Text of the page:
- Paperback: 222 pages
- Publisher: Dog Star Books (August 15, 2018)
- Language: English
- ISBN-10: 1947879057
- ISBN-13: 978-1947879058
- Product Dimensions: 6 x 0.5 x 9 inches
- Shipping Weight: 10.6 ounces (View shipping rates and policies)
- Average Customer Review: 3 customer reviews
- Amazon Best Sellers Rank: #2,315,193 in Books (See Top 100 in Books)
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In a Suspect Universe Paperback – August 15, 2018
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Wendland's follow-up to The Man Who Loved Alien Landscapes (2014) fills in some of the backstory of lonely explorer, scholar, and poet Mykol Ranglen, famous for his discovery of one of the mysterious Clips, alien artifacts left behind by the now-vanished Airafane that provide precious technological information. His story begins as he unceremoniously plummets onto the hood of a desert vehicle owned by Riley, an amateur Airafanologist. As Ranglen's story is revealed to both Riley and the reader, the narrative plunges into an exploration not only of more mysterious potential powers of the Clips but also into a world haunted by a seemingly endless cycle of creation and rebirth. Wendland channels some of his admitted influences such as Andre Norton, Adam Strange comics, and various other kinds of scientific romance-style sf into an engrossing and ever-expanding world full of both breathtaking beauty and cosmic horror. In A Suspect Universe is sure to please not only fans of his earlier work but any general sf reader looking to indulge in their sense of wonder. --Booklist.
Inner and outer space collide in this emotionally driven prequel to 2014's The Man Who Loved Alien Landscapes. Mykol Ranglen, unhappy with the artificial world Annulus, built with alien knowledge that he uncovered, runs away right into another discovery of the alien Airafane: a teleportation network between the stars. Falling onto a hidden human colony, Alchera, he is startled to find that its landscape, a crater called the Blight, reacts to his imagination . . . Working with the psychological implications of identity, transformation, and perception, Wendland tangles up the characters and worlds in loops of time and space that make it unclear whether Mykol is a hero sacrificing himself or a villain out to destroy what he cannot control. The resolution of his emotional and intellectual dilemmas of dealing with Alchera and the Airafane gives a solid sense of closure that new and returning readers appreciate. --Publisher's Weekly (Aug.)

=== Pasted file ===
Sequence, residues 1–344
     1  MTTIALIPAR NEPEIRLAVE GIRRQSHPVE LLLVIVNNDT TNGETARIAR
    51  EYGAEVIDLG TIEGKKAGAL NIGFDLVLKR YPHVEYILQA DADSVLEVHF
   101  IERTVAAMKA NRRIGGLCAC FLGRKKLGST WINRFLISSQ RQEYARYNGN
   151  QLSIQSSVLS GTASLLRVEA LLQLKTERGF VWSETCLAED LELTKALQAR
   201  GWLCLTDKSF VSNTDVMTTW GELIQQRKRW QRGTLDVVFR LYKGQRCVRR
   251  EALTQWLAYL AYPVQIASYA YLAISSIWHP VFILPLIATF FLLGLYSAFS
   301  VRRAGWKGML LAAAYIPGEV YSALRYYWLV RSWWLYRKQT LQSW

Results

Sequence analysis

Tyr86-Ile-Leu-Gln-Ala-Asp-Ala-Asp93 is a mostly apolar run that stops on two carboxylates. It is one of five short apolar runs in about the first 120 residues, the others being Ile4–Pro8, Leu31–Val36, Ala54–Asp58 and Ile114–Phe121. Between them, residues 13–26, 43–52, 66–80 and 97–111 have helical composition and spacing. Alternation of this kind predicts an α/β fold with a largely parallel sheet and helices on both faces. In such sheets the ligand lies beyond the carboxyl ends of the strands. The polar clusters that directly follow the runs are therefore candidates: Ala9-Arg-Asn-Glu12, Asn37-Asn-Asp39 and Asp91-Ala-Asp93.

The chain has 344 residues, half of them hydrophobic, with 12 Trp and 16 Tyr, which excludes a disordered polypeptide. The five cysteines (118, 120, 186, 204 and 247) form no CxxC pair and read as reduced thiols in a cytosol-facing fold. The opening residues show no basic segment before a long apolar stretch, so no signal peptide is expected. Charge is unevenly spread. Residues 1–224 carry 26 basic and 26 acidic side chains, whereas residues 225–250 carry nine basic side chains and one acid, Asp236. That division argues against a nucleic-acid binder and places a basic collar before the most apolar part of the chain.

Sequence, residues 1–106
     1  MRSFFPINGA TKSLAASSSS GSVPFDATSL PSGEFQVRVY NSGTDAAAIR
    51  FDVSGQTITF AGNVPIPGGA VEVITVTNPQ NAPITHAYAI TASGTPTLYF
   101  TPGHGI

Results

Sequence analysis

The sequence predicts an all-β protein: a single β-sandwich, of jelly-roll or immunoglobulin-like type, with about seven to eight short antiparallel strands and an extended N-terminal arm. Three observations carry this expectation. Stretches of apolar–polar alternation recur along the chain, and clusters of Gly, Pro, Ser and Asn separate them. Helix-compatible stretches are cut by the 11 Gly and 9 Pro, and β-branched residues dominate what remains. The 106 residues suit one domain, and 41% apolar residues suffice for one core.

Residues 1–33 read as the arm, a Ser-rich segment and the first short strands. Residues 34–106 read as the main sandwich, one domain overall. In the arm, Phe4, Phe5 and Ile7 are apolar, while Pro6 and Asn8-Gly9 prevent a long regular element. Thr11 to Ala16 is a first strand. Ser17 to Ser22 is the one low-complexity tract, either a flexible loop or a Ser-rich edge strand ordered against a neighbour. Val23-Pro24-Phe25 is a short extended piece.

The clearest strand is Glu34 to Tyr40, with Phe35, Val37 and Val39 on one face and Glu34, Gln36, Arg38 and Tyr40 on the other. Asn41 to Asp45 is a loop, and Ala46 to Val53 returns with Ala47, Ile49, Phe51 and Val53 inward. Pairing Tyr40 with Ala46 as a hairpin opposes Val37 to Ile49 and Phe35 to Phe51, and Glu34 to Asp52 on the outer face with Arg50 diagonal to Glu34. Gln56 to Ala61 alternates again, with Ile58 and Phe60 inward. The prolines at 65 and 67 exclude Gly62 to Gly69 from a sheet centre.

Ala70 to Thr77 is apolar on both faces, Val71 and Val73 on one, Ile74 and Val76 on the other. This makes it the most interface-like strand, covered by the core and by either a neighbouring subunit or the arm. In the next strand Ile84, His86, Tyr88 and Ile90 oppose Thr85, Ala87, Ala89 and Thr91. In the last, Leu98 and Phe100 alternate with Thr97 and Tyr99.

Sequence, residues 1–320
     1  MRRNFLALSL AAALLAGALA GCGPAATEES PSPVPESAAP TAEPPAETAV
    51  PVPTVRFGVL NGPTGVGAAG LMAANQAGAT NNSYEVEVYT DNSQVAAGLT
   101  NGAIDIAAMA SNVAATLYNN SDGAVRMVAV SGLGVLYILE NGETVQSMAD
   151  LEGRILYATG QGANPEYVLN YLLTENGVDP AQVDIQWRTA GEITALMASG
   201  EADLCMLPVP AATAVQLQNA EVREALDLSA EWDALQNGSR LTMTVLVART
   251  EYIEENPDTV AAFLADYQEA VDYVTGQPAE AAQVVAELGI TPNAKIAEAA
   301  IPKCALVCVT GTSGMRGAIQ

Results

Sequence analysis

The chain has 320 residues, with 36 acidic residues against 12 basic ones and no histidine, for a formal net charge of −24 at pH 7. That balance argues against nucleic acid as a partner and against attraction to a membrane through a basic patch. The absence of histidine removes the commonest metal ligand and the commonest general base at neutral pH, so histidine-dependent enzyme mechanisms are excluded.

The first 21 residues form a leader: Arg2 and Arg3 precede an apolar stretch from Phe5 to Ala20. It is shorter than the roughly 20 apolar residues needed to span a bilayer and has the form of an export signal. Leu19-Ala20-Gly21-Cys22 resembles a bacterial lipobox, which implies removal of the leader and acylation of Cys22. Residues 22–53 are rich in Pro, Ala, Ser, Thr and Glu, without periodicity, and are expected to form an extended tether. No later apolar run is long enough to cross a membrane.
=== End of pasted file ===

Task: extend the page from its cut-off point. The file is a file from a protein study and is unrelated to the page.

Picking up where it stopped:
About the Author
Albert Wendland has made a career out of his life-long interests in science fiction--and photography, art, film, and travel. He teaches popular fiction, literature, and writing at Seton Hill University, where he has been director of its MFA in Writing Popular Fiction (the program famous for its exclusive attention to genre writing). His SF novel, The Man Who Loved Alien Landscapes, was a starred pick-of-the-week by Publisher's Weekly, and the prequel, In a Suspect Universe, was published in 2018, describing a story from the protagonist's past. He's now writing a book of poetry supposedly written by the protagonist of both works. He's also written and published a book-length study of science fiction, a chapter in Many Genres, One Craft, a poem in Drawn to Marvel: Poems from the Comic Books, and several articles on SF and writing. He enjoys landscape photography, astronomy, graphic novels, and the"sublime."
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I read Wendland's first book in this world, The Man Who Loved Alien Landscapes, in one evening. I wish I could have done the same with this book, but life kept interfering. Instead, I snatched moments of brief moments of time with this intriguing, elegant novel.
It's hard to gush about what, exactly, I loved about this book without verging into spoiler-territory. I can easily say that it was distinctly different from Wendland's previous book while still maintaining his vivid authorial voice and sharing more about this futuristic galaxy where humans have emerged as a powerful force, but only by riding the coattails of a previous alien race.
The main character, Mykol, is younger here, with all the immaturity and impetuousness that leads to crazy adventures. But the first character you meet, Riley, is our true guiding star. I'd love to learn more about her adventures, now that she knows more of the "truth" of her universe than most people.
I didn't have a choice about which book I read first, and even though this one is a prequel, I'd be hard-pressed to suggest a reading order. All I can say is that you should read both. Wendland's works are a return to a classic space opera, but they bring modern sensibilities that I think will age well with time. I'd been begging for this book for years -- I hope he's prepared for me to immediately start clamoring for another installment in his amazing universe.